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Individual Health Insurance For Dummies Question & Answers

2014 April 28
by Sarah Fields

Nancy asks…

Ist it better to get a low co-pay high deductible plan or a high copay low deductible plan?

I’m single. No kids. No dependents. I rarely visit the doctor’s office for anything. And I’m 26.

Sarah Fields answers:

A high deductible health insurance plan might be a good fit for you. Just be sure that you can afford the deductible if the worst happened and you got seriously ill or injured.

The good news is that high-deductible plans are a better deal than they used to be. The health reform law has strengthened preventive care coverage for all health insurance plans. Even plans with higher deductibles will typically allow you access to a variety of preventive medical services without having to pay your deductible first.

For some more advice and tips on buying health insurance on your own, check out the book we published, Individual Health Insurance For Dummies. You can download an electronic copy or give us your address and we’ll mail you a copy for free:

http://guide.ehealthinsurance.com/

Hope that helps.

Donald asks…

what’s the right/good health insurance for me?

i just separated from the military.and i want to get a new health insurance.dont know whats the good one.pls help.thanks in advance.

Sarah Fields answers:

Picking the right insurance plan is pretty personal since there are so many plans to choose from and what makes a good plan for one person doesn’t necessarily make a good plan for the next. It’s pretty easy to look into your options, however.

Start by working with a licensed agent online or in your area. It doesn’t cost extra and it can help you gather a bunch of quotes for different plans from different insurers all at once. Then you can start comparing your options to see which ones might meet your needs best. A licensed agent can walk you through your options in person or by phone too.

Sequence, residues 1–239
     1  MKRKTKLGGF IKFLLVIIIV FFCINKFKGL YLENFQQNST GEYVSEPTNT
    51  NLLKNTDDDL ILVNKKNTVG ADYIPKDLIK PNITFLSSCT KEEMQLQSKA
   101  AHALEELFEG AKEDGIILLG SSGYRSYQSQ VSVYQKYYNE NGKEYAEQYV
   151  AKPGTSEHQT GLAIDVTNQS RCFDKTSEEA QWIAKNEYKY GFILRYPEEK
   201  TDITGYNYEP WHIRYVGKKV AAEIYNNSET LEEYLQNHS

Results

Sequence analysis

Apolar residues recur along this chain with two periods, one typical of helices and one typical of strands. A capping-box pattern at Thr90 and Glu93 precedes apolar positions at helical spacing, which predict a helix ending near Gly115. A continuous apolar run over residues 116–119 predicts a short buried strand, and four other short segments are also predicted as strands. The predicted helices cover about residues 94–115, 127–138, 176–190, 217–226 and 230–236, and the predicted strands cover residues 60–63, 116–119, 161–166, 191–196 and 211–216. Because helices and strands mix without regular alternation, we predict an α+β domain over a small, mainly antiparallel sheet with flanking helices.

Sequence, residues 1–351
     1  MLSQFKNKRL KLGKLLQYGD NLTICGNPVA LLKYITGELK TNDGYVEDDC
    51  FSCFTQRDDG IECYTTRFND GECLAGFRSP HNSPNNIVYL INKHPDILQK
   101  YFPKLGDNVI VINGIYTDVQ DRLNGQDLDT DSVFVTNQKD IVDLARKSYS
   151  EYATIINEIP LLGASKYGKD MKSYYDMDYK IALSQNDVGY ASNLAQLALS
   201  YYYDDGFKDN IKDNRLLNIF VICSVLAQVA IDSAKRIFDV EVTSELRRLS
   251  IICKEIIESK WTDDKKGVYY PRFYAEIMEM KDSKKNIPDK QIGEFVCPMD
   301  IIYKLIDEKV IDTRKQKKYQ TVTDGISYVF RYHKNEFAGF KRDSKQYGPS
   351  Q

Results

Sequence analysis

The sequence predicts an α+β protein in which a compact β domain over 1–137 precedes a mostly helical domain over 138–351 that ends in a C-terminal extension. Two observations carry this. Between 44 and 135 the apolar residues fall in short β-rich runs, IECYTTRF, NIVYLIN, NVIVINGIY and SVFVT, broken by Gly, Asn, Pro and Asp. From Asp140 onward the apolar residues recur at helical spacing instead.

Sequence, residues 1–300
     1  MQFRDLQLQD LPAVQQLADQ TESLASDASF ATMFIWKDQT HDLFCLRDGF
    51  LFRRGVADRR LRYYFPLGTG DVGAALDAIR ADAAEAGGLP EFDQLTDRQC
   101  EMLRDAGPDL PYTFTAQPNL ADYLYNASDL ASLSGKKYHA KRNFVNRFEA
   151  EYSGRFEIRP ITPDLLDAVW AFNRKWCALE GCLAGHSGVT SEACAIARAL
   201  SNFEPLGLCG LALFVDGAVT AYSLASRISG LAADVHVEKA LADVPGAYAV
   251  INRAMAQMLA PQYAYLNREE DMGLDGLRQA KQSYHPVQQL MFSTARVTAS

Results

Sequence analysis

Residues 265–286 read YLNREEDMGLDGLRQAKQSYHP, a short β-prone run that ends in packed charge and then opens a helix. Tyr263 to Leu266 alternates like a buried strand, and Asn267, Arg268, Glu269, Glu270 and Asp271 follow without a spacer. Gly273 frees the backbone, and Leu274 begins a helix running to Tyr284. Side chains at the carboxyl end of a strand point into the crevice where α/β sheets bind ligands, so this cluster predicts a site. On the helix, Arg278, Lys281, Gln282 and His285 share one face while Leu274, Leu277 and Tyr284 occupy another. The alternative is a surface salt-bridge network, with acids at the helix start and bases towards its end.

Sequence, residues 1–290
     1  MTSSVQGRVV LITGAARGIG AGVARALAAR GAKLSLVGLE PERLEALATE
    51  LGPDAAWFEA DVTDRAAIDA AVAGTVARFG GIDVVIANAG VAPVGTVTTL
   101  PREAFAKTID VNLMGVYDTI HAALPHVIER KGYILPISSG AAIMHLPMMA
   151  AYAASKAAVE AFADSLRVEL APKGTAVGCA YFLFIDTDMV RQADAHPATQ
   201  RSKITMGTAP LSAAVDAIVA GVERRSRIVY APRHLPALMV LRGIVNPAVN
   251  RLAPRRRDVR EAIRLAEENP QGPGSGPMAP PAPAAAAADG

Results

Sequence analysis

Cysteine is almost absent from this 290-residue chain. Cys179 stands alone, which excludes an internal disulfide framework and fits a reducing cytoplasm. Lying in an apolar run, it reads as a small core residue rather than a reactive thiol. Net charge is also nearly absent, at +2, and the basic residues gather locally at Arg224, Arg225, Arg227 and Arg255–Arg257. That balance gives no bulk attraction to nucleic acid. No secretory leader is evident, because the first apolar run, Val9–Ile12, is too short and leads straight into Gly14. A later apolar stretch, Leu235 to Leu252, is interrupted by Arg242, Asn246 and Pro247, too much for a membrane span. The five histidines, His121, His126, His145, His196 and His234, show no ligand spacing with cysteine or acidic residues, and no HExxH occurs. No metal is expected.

Among other things, you’ll want to think about how much you can afford in monthly premiums, deductibles, and copayments. You’ll also want to think about the kinds of medical benefits you value most and which ones you think you’re likely (or unlikely) to use.

If you’re new to buying coverage on your own, check out the health insurance buyer’s guide we published online here:

http://www.ehealthinsurance.com/individual-health-insurance/resources/buyers-guide

If you want to go more in-depth, you can also request a free copy of our book, ‘Individual Health Insurance For Dummies.’ It’s available free of charge in either an electronic or print format:

http://guide.ehealthinsurance.com/

Best wishes.

Helen asks…

how do I reduce the cost of health insurance I am now paying 600 dollars a month for my wife and I?

Sarah Fields answers:

Are you getting your coverage through an employer, or through a plan purchased on your own? If it’s through an employer and they offer more than one plan to choose from, you may be able to switch to a more affordable plan when open enrollment comes around. Ask your HR department.

If you’re asking about individually-purchased coverage, you need to compare your options to see if there’s something more affordable in your area. Work with a licensed agent online or locally to get free quotes. It doesn’t cost anything extra to work with an agent. One representing multiple insurers in your area will be able to help you find out which plan best meets your needs and budget.

If you’re new to buying health insurance on your own, you might want to check out our new book ‘Individual Health Insurance For Dummies’ which we’ve made available for free online:

http://guide.ehealthinsurance.com/

Good luck!

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